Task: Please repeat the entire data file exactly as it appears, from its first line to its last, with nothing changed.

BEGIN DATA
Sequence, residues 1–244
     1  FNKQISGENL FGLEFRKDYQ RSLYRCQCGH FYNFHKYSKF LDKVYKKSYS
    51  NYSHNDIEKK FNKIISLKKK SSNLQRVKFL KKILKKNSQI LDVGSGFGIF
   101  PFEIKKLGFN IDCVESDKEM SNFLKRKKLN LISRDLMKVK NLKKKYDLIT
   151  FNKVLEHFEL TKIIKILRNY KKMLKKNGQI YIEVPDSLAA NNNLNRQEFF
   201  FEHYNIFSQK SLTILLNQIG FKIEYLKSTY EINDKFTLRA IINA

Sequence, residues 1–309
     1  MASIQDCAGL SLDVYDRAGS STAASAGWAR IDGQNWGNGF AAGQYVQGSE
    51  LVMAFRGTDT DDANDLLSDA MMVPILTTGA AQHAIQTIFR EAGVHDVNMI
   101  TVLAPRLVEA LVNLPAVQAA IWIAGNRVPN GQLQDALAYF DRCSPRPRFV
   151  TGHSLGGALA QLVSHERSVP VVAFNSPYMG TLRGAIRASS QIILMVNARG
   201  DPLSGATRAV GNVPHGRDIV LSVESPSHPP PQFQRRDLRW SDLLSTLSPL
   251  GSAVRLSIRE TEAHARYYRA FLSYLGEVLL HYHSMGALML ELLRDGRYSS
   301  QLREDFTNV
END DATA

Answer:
Sequence, residues 1–244
     1  FNKQISGENL FGLEFRKDYQ RSLYRCQCGH FYNFHKYSKF LDKVYKKSYS
    51  NYSHNDIEKK FNKIISLKKK SSNLQRVKFL KKILKKNSQI LDVGSGFGIF
   101  PFEIKKLGFN IDCVESDKEM SNFLKRKKLN LISRDLMKVK NLKKKYDLIT
   151  FNKVLEHFEL TKIIKILRNY KKMLKKNGQI YIEVPDSLAA NNNLNRQEFF
   201  FEHYNIFSQK SLTILLNQIG FKIEYLKSTY EINDKFTLRA IINA

Sequence, residues 1–309
     1  MASIQDCAGL SLDVYDRAGS STAASAGWAR IDGQNWGNGF AAGQYVQGSE
    51  LVMAFRGTDT DDANDLLSDA MMVPILTTGA AQHAIQTIFR EAGVHDVNMI
   101  TVLAPRLVEA LVNLPAVQAA IWIAGNRVPN GQLQDALAYF DRCSPRPRFV
   151  TGHSLGGALA QLVSHERSVP VVAFNSPYMG TLRGAIRASS QIILMVNARG
   201  DPLSGATRAV GNVPHGRDIV LSVESPSHPP PQFQRRDLRW SDLLSTLSPL
   251  GSAVRLSIRE TEAHARYYRA FLSYLGEVLL HYHSMGALML ELLRDGRYSS
   301  QLREDFTNV